The aesthetic and rhetorical range of
The aesthetically sparse Constructive Editing in Robert Bresson’s ‘Pickpocket’-video is a superior example of formal analysis exerted in video [Figure 20]. This is unsurprising, given Bordwell’s established scholarly position and academic qualities within the field of Film Studies. It is noticeable, however, how Bordwell’s vast teaching experience, through its traditional forms of analytical practice, influences the technological and argumentative properties of the video. Most salient is the fact that in a twelve-minute audiovisual essay only one minute (7:06 – 8:16) plays actual video – the rest of its running time is filled with still images, like traditional presentation slides, and voice-over narration. The analysis opens
While the video may seem an exercise in objective analysis, Lavik’s enumerations are laced with personal opinion and interpretation. His voice is heard almost continually
Whereas Bordwell’s work has a clear scope and a lucidly structured – scholarly – approach, a more open and playful format can be found in Kogonada’s 2013 What is Neorealism?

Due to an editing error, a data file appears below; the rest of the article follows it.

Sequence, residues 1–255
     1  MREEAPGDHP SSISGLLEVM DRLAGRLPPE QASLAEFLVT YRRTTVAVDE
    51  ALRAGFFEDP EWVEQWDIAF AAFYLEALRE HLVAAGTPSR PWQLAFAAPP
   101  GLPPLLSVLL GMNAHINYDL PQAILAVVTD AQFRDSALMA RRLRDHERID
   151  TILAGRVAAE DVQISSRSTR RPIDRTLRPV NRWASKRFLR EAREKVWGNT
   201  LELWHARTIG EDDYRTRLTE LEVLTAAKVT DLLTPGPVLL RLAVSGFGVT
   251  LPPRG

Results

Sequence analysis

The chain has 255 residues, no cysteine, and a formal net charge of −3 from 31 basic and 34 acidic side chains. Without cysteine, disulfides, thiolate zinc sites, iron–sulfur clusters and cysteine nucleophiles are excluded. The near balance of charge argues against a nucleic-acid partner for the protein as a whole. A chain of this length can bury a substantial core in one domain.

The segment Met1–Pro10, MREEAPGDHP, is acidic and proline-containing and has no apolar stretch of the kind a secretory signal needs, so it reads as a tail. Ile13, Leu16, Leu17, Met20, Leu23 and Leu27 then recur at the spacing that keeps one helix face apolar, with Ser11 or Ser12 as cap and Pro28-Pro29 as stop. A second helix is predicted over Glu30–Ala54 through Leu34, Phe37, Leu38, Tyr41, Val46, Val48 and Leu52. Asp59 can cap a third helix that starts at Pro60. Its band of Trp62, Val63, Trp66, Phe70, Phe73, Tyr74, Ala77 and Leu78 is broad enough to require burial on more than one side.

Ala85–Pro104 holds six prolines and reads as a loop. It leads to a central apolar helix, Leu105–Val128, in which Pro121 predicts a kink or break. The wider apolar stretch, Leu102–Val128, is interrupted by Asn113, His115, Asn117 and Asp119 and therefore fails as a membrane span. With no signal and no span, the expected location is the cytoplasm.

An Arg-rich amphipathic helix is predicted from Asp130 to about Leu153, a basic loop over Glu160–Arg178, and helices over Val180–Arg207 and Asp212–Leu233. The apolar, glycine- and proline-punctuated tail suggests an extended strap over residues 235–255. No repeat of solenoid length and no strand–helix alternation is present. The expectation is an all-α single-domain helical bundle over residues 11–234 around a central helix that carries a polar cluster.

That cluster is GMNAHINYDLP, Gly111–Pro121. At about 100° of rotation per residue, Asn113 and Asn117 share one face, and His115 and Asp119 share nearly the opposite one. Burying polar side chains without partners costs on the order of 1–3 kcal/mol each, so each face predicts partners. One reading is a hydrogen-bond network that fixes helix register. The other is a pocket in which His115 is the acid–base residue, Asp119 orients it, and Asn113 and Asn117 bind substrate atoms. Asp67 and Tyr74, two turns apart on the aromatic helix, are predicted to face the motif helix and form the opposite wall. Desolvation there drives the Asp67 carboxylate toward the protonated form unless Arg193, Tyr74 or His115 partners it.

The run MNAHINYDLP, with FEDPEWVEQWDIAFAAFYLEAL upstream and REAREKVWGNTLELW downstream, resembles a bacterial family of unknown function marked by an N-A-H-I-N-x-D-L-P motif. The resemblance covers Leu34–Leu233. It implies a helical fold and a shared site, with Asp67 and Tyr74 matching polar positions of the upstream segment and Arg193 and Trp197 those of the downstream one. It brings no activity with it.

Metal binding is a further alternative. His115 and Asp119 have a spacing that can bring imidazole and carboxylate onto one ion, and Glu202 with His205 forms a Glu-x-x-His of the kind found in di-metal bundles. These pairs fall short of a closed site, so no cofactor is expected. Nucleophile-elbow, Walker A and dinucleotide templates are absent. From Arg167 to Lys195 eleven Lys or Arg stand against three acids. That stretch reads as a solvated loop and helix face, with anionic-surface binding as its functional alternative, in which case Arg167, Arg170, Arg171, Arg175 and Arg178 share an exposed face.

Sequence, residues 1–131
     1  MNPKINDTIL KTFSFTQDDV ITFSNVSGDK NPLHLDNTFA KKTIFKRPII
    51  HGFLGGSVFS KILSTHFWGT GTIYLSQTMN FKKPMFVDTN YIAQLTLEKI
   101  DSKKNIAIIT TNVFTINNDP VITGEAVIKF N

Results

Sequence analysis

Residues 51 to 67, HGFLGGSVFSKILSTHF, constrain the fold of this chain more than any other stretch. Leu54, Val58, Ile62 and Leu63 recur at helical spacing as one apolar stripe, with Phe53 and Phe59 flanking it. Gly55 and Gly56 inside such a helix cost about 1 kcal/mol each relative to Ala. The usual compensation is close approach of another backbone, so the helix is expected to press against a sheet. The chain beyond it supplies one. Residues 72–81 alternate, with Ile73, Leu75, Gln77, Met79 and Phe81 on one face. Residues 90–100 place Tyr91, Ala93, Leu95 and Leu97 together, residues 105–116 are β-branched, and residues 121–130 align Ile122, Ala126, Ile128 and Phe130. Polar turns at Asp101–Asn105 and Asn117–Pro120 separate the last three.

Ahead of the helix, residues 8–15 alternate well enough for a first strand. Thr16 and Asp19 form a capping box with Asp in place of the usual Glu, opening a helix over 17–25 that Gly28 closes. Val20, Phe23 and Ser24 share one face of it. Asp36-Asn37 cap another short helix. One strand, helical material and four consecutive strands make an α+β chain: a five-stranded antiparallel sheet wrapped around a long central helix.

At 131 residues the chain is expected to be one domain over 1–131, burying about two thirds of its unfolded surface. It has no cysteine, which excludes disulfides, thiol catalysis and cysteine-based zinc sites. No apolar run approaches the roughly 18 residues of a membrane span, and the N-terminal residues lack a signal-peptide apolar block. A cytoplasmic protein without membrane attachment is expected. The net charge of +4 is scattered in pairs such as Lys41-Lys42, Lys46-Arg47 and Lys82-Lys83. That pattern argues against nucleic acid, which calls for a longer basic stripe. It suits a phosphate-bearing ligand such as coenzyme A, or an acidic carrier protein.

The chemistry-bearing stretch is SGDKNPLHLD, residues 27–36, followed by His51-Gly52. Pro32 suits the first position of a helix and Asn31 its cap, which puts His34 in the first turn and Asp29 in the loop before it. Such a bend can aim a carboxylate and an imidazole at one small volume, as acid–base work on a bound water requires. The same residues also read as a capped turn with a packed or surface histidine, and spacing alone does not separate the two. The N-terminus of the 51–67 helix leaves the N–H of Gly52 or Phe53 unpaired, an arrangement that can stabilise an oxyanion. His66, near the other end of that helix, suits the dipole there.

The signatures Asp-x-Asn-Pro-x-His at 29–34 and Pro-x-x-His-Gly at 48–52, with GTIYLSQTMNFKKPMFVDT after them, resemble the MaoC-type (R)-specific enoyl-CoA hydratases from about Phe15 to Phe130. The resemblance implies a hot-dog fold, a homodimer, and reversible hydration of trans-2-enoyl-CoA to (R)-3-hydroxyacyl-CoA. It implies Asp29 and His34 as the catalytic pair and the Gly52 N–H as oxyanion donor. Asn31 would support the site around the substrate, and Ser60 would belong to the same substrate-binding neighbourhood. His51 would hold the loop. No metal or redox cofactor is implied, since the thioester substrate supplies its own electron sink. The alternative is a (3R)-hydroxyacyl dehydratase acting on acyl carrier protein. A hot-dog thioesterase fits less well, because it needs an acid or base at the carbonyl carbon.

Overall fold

The 04’55” analysis is a side-by-side comparison of two cuts of the ‘same film’. Although David O. Selznick and Vittorio De Sica were once coupled to collaborate on a film, ultimately they both took to their own and made two separate editions for two different markets (Selznick’s Indiscretion of an American Wife and De Sica’s Stazione Termini [Terminal Station], both from 1953 [Figure 22]).
In between of Bordwell and Kogonada’s approach is Jim Emerson’s In the Cut videos
Non-scholarly but strong examples of
Though the format – Everything Wrong with [Title] in [x] Minutes – and its execution – loud and abrasive voice-over, high paced editing, nonsensical criteria and verdicts – these videos are little more than spiel; they are, in many ways, nearly related to modern-day hyper-narrated